Background: The Family Planning 2020 initiative aims to reach 120 million new family planning users by 2020. Drug shops and pharmacies are important private-sector sources of contraception in many contexts but are less well understood than public-sector sources, especially in urban environments. This article explores the role that drug shops and pharmacies play in the provision of contraceptive methods in selected urban areas of Nigeria and Kenya as well as factors associated with women’s choice of where to obtain these methods.
Methods: Using data collected in 2010/2011 from representative samples of women in selected urban areas of Nigeria and Kenya as well as a census of pharmacies and drug shops audited in 2011, we examine the role of drug shops and pharmacies in the provision of short-acting contraceptive methods and factors associated with a women’s choice of family planning source.
Results: In urban Nigeria and Kenya, drug shops and pharmacies were the major source for the family planning methods of oral contraceptive pills, emergency contraceptives, and condoms. The majority of injectable users obtained their method from public facilities in both countries, but 14% of women in Nigeria and 6% in Kenya obtained injectables from drug shops or pharmacies. Harder-to-reach populations were the most likely to choose these outlets to obtain their short-acting methods. For example, among users of these methods in Nigeria, younger women (<25 years old) were significantly more likely to obtain their method from a drug shop or pharmacy than another type of facility. In both countries, family planning users who had never been married were significantly more likely than married users to obtain these methods from a drug shop or a pharmacy than from a public-sector health facility. Low levels of family planning-related training (57% of providers in Kenya and 41% in Nigeria had received training) and lack of family planning promotional activities in pharmacies and drug shops in both countries indicate the need for additional support from family planning programs to leverage this important access point.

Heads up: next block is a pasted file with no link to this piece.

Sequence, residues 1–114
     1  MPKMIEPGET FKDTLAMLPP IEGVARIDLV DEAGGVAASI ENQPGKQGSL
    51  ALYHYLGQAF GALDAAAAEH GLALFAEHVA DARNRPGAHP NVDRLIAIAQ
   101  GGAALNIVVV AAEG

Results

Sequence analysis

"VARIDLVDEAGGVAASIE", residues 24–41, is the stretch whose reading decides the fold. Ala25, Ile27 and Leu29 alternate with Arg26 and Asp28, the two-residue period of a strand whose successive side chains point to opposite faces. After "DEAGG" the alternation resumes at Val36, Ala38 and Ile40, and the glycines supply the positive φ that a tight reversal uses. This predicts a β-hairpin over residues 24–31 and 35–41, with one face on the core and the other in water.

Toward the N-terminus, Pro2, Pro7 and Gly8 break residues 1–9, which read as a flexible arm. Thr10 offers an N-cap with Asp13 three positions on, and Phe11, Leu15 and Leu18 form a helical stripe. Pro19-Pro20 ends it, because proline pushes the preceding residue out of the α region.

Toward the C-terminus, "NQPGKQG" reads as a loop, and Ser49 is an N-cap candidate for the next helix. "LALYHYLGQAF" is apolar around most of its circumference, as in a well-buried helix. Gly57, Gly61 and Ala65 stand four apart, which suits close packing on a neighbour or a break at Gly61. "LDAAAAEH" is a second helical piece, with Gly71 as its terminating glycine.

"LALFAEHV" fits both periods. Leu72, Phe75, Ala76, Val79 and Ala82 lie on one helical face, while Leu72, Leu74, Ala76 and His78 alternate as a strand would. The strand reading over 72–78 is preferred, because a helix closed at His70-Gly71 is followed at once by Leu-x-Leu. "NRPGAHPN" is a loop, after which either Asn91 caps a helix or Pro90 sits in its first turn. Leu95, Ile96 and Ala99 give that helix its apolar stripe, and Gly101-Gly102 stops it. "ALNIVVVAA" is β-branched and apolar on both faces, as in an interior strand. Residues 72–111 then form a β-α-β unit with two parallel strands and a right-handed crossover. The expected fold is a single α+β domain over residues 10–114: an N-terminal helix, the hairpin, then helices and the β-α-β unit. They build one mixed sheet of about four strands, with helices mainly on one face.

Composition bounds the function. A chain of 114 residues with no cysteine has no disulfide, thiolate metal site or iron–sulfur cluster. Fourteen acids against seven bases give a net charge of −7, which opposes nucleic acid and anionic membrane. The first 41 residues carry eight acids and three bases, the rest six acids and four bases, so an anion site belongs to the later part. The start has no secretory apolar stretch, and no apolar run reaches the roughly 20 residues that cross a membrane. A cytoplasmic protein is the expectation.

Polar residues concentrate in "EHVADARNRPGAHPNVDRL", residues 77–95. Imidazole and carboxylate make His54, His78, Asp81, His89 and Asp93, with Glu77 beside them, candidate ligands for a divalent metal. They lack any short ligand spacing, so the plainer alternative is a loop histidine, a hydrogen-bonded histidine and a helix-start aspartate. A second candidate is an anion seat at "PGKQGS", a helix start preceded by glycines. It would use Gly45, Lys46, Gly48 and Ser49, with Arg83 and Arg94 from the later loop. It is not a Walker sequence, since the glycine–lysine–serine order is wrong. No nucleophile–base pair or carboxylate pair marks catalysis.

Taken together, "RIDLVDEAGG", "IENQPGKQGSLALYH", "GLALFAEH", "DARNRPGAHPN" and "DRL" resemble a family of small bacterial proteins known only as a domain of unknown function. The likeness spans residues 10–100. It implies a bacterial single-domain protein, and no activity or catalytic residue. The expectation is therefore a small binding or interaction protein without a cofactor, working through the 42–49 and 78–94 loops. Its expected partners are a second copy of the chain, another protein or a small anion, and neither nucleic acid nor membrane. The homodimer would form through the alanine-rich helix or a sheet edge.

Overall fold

Conclusions: Drug shops and pharmacies offer an important and under-leveraged mechanism for expanding family planning access to women in urban Nigeria and Kenya, and potentially elsewhere. Vulnerable and harder-to-reach groups such as younger, unmarried women and women who do not yet have children are the most likely to benefit from increased access to family planning at drug shops and pharmacies.
Progestin-only contraceptive injectables and implants are highly effective, longer-acting contraceptive methods that can be used by most women in most circumstances. Globally, 6% of women using modern contraception use injectables and 1% use implants. Injectables are the predominant contraceptive method used in sub-Saharan Africa, and account for 43% of modern contraceptive methods used. A lower-dose, subcutaneous formulation of the most widely used injectable, depot-medroxyprogesterone acetate, has been developed. Implants have the highest effectiveness of any contraceptive method. Commodity cost, which historically limited implant availability in low-resource countries, was markedly lowered between 2012 and 2013. Changes in menstrual bleeding patterns are extremely common with both methods, and a main cause of discontinuation. Advice from normative bodies differs on progestin-only contraceptive use by breastfeeding women 0–6 weeks postpartum. Whether these methods are associated with HIV acquisition is a controversial issue, with important implications for sub-Saharan Africa, which has a disproportionate burden of both human immunodeficiency virus (HIV) and maternal mortality.